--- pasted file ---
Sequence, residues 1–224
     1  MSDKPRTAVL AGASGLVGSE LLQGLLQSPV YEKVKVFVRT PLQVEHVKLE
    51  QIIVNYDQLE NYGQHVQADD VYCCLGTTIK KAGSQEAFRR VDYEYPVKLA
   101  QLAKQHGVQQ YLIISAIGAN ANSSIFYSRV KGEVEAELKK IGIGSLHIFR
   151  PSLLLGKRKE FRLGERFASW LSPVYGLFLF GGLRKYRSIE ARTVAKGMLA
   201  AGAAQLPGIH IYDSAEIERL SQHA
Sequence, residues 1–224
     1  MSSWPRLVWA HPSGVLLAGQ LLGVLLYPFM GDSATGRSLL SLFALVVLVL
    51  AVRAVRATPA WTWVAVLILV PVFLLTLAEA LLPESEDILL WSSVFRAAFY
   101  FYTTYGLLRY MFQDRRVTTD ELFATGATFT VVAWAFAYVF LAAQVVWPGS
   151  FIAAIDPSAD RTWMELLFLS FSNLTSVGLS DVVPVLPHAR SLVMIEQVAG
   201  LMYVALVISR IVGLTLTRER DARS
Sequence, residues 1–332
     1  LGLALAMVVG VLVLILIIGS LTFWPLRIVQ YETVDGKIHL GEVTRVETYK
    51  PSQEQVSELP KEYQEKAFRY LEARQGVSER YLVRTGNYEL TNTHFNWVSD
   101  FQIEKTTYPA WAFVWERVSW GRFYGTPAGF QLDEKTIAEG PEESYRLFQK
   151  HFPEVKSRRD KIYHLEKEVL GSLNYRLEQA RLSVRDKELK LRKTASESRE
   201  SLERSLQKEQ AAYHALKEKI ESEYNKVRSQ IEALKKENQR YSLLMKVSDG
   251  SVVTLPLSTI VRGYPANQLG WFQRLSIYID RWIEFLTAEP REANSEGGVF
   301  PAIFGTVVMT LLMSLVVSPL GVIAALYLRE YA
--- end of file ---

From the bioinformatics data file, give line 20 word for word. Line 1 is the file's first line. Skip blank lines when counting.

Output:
   301  PAIFGTVVMT LLMSLVVSPL GVIAALYLRE YA